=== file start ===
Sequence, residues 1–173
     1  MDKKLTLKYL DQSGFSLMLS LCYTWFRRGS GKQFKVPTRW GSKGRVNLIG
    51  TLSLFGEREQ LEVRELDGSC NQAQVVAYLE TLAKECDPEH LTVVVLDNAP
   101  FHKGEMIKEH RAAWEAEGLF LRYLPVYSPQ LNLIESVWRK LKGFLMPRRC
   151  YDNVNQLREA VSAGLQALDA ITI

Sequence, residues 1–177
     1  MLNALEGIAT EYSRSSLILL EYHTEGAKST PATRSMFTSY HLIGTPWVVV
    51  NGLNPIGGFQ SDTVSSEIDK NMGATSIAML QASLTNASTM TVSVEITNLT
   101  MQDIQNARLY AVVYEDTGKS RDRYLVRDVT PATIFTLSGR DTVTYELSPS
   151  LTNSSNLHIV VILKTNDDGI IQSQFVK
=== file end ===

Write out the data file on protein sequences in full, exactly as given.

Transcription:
Sequence, residues 1–173
     1  MDKKLTLKYL DQSGFSLMLS LCYTWFRRGS GKQFKVPTRW GSKGRVNLIG
    51  TLSLFGEREQ LEVRELDGSC NQAQVVAYLE TLAKECDPEH LTVVVLDNAP
   101  FHKGEMIKEH RAAWEAEGLF LRYLPVYSPQ LNLIESVWRK LKGFLMPRRC
   151  YDNVNQLREA VSAGLQALDA ITI

Sequence, residues 1–177
     1  MLNALEGIAT EYSRSSLILL EYHTEGAKST PATRSMFTSY HLIGTPWVVV
    51  NGLNPIGGFQ SDTVSSEIDK NMGATSIAML QASLTNASTM TVSVEITNLT
   101  MQDIQNARLY AVVYEDTGKS RDRYLVRDVT PATIFTLSGR DTVTYELSPS
   151  LTNSSNLHIV VILKTNDDGI IQSQFVK